from The American Heritage® Dictionary of the English Language, 4th Edition

  • n. Rumor or talk of a personal, sensational, or intimate nature.
  • n. A person who habitually spreads intimate or private rumors or facts.
  • n. Trivial, chatty talk or writing.
  • n. A close friend or companion.
  • n. Chiefly British A godparent.
  • intransitive v. To engage in or spread gossip.

from Wiktionary, Creative Commons Attribution/Share-Alike License

  • n. Someone who likes to talk about someone else’s private or personal business.
  • n. Idle talk about someone’s private or personal matters, especially someone not present.
  • n. A genre in contemporary media, usually focused on the personal affairs of celebrities.
  • v. To talk about someone else's private or personal business, especially in a way that spreads the information.
  • v. To talk idly.

from the GNU version of the Collaborative International Dictionary of English

  • n. A sponsor; a godfather or a godmother.
  • n. A friend or comrade; a companion; a familiar and customary acquaintance.
  • n. One who runs house to house, tattling and telling news; an idle tattler.
  • n. The tattle of a gossip; groundless rumor.
  • intransitive v. To make merry.
  • intransitive v. To prate; to chat; to talk much.
  • intransitive v. To run about and tattle; to tell idle tales.
  • transitive v. To stand sponsor to.

from The Century Dictionary and Cyclopedia

  • To be a boon companion.
  • To talk idly, especially about other people; chat; tattle.
  • To stand godfather to.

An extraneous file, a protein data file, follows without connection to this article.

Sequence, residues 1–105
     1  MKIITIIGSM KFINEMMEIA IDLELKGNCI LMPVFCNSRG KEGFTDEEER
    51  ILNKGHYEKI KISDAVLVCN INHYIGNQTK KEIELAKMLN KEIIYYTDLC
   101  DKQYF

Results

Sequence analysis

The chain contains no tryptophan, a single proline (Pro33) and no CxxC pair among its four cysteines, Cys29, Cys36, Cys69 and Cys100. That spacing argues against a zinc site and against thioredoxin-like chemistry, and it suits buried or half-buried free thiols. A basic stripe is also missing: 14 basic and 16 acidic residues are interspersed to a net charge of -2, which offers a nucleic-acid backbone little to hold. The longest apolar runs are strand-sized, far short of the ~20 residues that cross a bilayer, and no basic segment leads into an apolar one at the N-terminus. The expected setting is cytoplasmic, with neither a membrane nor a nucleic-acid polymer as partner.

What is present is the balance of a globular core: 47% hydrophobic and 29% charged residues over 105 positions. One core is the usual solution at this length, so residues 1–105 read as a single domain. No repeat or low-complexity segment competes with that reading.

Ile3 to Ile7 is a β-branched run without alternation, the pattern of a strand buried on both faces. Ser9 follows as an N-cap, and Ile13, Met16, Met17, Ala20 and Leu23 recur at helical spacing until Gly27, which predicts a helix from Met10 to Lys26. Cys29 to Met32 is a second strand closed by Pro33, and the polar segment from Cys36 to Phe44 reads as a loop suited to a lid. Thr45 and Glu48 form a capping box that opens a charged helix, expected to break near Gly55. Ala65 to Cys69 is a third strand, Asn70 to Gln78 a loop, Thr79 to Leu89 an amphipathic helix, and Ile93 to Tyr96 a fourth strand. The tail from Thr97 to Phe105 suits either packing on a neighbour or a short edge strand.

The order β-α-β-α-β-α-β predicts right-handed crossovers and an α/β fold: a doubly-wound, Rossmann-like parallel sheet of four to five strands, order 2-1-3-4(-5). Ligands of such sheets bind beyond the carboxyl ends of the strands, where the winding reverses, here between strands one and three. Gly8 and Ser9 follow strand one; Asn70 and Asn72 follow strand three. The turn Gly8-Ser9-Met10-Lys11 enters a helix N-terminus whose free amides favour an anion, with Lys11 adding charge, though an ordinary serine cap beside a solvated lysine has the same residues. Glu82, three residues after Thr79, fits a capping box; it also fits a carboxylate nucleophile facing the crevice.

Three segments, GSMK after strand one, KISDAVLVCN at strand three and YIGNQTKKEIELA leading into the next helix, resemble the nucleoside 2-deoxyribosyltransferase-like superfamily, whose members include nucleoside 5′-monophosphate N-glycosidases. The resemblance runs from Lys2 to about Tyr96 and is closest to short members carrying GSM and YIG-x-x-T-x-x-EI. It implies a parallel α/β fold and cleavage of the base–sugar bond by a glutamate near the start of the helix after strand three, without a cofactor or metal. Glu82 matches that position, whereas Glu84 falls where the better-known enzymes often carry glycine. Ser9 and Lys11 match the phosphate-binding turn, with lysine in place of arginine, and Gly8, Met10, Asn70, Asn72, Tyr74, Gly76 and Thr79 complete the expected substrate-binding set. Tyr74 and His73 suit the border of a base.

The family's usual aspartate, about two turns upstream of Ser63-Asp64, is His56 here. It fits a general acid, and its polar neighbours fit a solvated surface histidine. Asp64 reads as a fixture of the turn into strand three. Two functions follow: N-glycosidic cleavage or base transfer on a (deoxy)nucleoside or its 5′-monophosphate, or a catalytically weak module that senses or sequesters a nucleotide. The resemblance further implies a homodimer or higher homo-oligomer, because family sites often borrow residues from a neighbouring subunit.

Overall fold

• To repeat as gossip: as, to gossip scandal.
  • n. A sponsor; one who answers for a child in baptism; a godfather or godmother.
  • n. A friend or neighbor; an intimate companion.
  • n. One who goes about tattling and telling news; an idle tattler.
  • n. Idle talk, as of one friend or acquaintance to another; especially, confidential or minutely personal remarks about other people; tattle; scandal; trifling or groundless report.

from WordNet 3.0 Copyright 2006 by Princeton University. All rights reserved.

  • v. talk socially without exchanging too much information
  • n. a person given to gossiping and divulging personal information about others
  • v. wag one's tongue; speak about others and reveal secrets or intimacies
  • n. a report (often malicious) about the behavior of other people
  • n. light informal conversation for social occasions


from The American Heritage® Dictionary of the English Language, 4th Edition

Middle English godsib, gossip, godparent, from Old English godsibb : god, god; see god + sibb, kinsman.

from Wiktionary, Creative Commons Attribution/Share-Alike License

From Middle English gossib, godsib ("a close friend or relation, a confidant"), from Old English godsibb ("godparent, sponsor"), equivalent to god +‎ sib.



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  • Fantastic! That is why I love etymology.

    August 13, 2008

  • Who would have thought! Gossip=Godparent; God+sib(sibling); Later became "any familiar person," later "idle talk," and then "to talk idly about the affirs of others."

    July 17, 2007